The essentials of Object Oriented PHP
The essentials of Object Oriented PHP
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The essentials of Object Oriented PHP

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Completed on 2018-11-02

About the Book

Why learn object-oriented PHP?

Over 80% of websites are now written in PHP, making it more important than ever for web developers to master this programming skill. Although the basics of PHP are easy to learn, it is the knowledge of object-oriented PHP that separates the professionals from the hobbyists.

When using object-oriented programming, we organize the code in an efficient way, so it is easier to work with, develop and upgrade. Due to its many benefits, developers who master the craft of object-oriented PHP are a hot commodity in the job market among companies and enterprises that have a need for advanced online applications.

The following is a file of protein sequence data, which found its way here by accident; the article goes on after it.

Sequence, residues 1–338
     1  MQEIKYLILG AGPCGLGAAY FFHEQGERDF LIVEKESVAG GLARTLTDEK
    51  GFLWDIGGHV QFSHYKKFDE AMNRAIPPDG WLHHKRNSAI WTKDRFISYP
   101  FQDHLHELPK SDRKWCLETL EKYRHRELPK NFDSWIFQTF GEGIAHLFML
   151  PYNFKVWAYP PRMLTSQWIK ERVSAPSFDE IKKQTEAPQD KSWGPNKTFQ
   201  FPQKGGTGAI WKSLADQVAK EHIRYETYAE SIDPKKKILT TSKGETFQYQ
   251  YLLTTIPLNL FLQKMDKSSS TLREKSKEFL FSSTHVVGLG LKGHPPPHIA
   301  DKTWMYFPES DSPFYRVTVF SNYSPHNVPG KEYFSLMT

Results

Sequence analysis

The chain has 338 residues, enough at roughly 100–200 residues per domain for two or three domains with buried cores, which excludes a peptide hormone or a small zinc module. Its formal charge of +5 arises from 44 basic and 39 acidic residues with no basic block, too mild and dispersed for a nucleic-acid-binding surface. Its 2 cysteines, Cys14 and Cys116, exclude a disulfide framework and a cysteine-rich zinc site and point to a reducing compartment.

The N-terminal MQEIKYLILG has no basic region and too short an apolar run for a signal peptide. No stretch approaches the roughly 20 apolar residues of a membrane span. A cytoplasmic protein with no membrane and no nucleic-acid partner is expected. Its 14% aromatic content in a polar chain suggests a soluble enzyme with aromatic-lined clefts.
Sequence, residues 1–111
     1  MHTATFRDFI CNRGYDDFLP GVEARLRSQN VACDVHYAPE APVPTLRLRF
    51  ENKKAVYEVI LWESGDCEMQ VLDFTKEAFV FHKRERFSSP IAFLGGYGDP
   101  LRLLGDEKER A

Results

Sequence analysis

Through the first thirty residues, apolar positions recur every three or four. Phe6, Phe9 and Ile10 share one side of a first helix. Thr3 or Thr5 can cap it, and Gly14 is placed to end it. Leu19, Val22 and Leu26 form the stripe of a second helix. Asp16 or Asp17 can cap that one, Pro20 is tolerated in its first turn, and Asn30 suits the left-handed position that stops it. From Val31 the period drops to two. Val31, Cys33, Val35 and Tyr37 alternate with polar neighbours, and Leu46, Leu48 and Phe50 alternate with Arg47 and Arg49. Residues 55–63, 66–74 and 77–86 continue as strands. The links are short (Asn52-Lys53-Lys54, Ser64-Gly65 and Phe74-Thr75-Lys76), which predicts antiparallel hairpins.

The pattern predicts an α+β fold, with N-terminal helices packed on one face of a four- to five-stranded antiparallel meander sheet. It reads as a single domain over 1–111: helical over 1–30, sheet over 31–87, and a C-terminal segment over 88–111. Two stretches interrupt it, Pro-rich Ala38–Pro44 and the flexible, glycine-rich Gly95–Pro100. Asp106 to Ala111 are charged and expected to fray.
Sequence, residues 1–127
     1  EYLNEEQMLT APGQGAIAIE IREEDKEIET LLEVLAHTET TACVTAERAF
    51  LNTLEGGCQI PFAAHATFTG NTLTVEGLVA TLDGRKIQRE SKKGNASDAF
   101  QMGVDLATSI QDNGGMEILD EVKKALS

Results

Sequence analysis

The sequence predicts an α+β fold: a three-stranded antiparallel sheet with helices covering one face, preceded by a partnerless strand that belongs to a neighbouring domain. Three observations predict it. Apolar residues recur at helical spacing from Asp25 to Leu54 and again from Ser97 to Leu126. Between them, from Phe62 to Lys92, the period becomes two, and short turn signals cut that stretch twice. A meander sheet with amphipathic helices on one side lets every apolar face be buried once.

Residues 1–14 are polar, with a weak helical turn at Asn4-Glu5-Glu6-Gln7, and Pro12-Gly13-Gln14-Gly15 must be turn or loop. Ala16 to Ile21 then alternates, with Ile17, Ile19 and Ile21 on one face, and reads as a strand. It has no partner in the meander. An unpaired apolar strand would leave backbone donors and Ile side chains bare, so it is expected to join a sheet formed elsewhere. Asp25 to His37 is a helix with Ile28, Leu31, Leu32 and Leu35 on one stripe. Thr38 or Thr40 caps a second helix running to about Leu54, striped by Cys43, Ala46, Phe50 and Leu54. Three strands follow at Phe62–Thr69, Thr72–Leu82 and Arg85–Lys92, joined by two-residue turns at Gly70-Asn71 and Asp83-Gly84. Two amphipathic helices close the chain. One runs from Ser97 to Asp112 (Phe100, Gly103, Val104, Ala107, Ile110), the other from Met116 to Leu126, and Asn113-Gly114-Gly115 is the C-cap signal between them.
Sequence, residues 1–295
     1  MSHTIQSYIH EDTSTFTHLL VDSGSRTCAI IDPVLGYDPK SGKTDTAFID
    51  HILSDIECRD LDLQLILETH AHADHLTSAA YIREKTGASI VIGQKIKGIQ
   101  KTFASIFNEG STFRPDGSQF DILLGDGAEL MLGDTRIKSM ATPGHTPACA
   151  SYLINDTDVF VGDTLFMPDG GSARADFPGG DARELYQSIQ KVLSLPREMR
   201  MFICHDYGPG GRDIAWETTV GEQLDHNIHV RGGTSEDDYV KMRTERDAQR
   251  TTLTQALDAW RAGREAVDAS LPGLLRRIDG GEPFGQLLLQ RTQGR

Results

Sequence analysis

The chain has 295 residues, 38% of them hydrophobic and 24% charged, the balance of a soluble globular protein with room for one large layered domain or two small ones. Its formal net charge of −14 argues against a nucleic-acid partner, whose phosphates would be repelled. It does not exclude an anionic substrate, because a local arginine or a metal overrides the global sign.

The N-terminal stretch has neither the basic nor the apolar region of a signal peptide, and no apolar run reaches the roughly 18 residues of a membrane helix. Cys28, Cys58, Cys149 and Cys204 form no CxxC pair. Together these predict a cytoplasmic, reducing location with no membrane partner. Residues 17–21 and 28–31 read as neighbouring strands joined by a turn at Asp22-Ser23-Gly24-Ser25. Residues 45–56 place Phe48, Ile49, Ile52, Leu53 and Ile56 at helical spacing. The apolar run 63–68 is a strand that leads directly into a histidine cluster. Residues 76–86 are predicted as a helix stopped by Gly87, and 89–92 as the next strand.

But this does not tell the full story. Consider the following facts :

  • Procedural programming is inefficient
  • PHP libraries are written in object-oriented PHP
  • PHP frameworks, like Laravel, Symfony, CodeIgniter and Yii rely on object-oriented code
  • Drupal and other CMS systems are now object-oriented
  • There are more and more parts of WordPress becoming object-oriented

Let's expand on the first fact as it is the most important one - everything else flows from it, i.e. object-oriented programming is gaining popularity because it is more efficient. There are great applications written in the procedural style of PHP, but even the best end up in spaghetti code where functions and variables are mixed together. Add in HTML, CSS and JavaScript to the mix and the code becomes something that is, well, inefficient.